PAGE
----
Great story— it reminded me of a temporary look of horror that my Japanese host mother had flash across her face when we were talking one day when I was just starting out with Japanese. “Can you say that part again?”, she gently asked. When I repeated myself, she was visibly relieved and the conversation resumed.
I had an inkling as to what had happened, but I never did figure out what the offending word was. At the time, it was obvious that asking her (there was a group of people at the table) what she thought I had said, would have made for an awkward moment.
Anyway, I liked this blogger’s takeaway from the incident. We give toddlers the benefit of the doubt all the time, we should be kind to adult learners!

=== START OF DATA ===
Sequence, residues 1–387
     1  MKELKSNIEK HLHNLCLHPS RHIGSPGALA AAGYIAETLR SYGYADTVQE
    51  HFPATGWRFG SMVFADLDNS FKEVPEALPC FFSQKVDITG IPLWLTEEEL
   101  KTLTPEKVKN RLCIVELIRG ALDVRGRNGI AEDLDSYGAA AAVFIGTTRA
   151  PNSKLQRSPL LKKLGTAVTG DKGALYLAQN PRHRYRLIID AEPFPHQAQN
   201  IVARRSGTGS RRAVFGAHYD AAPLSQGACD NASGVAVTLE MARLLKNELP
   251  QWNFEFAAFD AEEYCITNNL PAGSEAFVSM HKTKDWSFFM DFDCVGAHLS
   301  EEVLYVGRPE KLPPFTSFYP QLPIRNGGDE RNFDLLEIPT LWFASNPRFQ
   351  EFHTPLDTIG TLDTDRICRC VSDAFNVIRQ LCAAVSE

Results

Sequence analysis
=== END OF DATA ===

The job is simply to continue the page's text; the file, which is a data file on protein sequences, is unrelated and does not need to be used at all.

In an instant, my reputation as a mother shattered in the eyes of our ayi.
I’ve finally begun Mandarin lessons. This past week, I learned the word for juice. I sat at the kitchen table with my tutor and made a mental note that it sounded similar to the English word for juice.
Fast-forward one hour. I took the leftover apple cider out of the fridge to give to my kids and thought it might be fun for ayi to try some. I poured a small glass and offered it to her, saying in my slowly deliberate Mandarin, “This is apple juice,” which I hoped would be close enough to “cider” and she could figure it out from there.
And here begins our conversation, in which I became a terrible mother.
Note: This all happened in Mandarin, aside from my thoughts, and ayi’s Mandarin has been paraphrased for the reader’s…
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